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August 7, 2007

International Coalition Urges Nano-Specific Regulations

Lynn L. Bergeson

On July 31, 2007, an international coalition of consumer, public health, environmental, and labor organizations issued the Principles for the Oversight of Nanotechnologies and Nanomaterials and called for strong, comprehensive oversight of the new technology and its products. According to the coalition, the manufacture of products using technology has “exploded in recent years,” while “evidence indicates that current nanomaterials may pose significant health, safety, and environmental hazards.”

The coalition’s declaration outlines eight fundamental principles it believes are necessary for adequate and effective oversight and assessment of the emerging field of nanotechnology:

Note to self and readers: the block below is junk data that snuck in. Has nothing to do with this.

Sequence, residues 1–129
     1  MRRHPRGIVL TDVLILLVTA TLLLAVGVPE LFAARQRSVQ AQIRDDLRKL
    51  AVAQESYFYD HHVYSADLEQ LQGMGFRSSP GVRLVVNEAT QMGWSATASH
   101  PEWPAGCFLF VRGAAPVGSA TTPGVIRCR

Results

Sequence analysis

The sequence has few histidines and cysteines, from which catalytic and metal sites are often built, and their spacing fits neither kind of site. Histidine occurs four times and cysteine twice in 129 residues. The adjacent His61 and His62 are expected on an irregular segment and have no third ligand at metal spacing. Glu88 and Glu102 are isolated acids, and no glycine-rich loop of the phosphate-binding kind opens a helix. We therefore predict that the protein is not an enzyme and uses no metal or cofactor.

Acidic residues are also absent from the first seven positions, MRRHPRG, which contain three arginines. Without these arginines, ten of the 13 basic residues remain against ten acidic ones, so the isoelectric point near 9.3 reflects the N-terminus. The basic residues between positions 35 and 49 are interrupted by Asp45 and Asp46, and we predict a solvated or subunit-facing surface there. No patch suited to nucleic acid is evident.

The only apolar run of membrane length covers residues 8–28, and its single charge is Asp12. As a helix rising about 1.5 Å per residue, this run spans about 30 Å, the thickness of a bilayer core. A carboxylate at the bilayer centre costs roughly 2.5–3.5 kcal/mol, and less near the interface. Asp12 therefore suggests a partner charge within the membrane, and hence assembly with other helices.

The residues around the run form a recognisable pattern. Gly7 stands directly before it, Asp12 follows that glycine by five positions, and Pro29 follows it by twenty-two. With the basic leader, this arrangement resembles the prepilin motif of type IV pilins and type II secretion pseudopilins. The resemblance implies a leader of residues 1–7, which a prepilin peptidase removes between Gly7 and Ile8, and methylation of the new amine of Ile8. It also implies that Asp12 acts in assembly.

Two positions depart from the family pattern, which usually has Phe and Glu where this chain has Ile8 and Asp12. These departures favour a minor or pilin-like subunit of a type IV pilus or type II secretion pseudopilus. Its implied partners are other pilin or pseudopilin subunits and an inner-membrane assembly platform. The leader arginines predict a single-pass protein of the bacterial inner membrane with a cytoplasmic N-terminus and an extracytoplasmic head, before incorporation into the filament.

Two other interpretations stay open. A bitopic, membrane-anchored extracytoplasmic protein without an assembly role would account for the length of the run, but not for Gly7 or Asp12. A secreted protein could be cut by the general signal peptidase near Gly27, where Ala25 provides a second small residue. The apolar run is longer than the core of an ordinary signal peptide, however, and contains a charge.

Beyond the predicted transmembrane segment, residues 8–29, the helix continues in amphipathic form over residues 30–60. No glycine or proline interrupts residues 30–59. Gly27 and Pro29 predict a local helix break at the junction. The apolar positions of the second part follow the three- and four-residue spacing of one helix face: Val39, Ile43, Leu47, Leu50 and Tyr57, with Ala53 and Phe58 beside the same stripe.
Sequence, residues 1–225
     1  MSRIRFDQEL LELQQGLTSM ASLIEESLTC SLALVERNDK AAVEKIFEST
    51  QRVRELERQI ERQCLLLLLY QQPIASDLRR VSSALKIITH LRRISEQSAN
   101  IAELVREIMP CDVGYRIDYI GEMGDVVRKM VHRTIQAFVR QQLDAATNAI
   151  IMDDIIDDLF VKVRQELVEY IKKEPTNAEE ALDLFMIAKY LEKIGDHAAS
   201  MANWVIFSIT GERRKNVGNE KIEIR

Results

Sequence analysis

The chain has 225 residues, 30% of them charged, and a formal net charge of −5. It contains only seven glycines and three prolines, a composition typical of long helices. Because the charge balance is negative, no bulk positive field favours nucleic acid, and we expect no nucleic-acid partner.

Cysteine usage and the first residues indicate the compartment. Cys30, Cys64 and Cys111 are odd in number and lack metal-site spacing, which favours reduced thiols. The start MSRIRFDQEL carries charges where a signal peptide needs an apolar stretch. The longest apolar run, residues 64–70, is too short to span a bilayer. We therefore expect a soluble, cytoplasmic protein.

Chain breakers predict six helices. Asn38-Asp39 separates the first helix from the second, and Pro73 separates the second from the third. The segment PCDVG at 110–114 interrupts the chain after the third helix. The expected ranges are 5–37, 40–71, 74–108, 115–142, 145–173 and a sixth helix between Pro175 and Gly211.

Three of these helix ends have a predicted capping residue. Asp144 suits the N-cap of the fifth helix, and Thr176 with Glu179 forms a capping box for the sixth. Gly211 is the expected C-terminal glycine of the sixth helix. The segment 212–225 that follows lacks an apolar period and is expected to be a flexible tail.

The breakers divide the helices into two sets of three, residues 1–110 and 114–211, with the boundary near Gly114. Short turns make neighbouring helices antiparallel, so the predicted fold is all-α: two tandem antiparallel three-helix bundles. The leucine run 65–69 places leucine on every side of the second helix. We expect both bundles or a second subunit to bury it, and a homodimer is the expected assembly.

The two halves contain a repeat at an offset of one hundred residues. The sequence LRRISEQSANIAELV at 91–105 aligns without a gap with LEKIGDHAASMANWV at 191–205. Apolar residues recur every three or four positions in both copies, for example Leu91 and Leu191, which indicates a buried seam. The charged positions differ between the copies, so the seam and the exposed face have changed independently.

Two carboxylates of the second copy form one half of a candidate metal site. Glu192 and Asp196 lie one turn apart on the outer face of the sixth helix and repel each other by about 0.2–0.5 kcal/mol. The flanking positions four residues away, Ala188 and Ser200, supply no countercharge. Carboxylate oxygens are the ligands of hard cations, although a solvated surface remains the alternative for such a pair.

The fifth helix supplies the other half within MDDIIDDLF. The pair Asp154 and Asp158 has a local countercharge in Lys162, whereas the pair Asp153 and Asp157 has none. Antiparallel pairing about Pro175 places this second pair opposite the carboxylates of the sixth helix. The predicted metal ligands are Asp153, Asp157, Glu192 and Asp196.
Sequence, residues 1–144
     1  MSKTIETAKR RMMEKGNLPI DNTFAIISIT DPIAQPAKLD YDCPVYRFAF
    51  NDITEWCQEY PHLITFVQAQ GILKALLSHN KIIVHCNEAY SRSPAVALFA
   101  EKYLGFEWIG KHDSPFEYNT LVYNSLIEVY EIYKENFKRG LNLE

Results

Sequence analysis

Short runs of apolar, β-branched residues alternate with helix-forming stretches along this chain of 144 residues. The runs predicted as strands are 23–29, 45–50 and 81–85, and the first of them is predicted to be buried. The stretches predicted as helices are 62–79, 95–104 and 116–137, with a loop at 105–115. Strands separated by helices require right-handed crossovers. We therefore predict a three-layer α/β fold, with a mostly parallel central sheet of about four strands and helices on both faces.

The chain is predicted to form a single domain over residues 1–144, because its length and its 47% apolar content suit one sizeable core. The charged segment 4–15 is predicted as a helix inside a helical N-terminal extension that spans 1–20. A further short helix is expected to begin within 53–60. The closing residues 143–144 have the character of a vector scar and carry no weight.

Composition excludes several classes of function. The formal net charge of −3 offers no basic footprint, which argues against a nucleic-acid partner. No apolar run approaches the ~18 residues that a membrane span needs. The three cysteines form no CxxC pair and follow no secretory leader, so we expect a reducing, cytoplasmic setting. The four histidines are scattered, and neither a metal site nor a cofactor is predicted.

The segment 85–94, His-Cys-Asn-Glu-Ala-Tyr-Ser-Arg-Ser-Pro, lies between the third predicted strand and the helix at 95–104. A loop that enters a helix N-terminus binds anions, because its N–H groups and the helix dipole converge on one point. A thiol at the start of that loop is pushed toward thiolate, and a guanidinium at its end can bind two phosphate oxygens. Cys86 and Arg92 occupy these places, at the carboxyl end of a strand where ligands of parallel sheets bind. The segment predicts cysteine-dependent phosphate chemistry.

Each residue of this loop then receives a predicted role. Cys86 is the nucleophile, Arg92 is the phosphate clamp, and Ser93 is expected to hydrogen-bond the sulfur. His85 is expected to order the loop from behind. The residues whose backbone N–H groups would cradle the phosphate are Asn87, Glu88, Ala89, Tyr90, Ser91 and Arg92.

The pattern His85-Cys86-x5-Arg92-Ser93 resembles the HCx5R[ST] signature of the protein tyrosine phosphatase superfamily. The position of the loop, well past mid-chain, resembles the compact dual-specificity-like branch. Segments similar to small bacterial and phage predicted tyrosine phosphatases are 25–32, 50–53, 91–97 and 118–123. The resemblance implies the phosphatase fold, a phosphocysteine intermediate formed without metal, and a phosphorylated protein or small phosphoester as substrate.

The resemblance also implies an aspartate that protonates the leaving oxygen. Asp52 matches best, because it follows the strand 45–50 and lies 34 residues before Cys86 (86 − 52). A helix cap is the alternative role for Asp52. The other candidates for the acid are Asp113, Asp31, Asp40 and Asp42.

1. A Precautionary Foundation:  Product manufacturers and distributors must bear the burden of proof to demonstrate the safety of their products:  if no independent health and safety data review, then no market approval.
  2. Mandatory Nano-specific Regulations:  Nanomaterials should be classified as new substances and subject to nano-specific oversight.  Voluntary initiatives are not sufficient.
  3. Health and Safety of the Public and Workers:  The prevention of exposure to nanomaterials that have not been proven safe must be undertaken to protect the public and workers.
  4. Environmental Protection:  A full lifecycle analysis of environmental impacts must be completed prior to commercialization.
  5. Transparency:  All nano-products must be labeled and safety data made publicly available.
  6. Public Participation:  There must be open, meaningful, and full public participation at every level.
  7. Inclusion of Broader Impacts:  Nanotechnology’s wide-ranging effects, including ethical and social impacts, must be considered.
  8. Manufacturer Liability:  Nano-industries must be accountable for liabilities incurred from their products.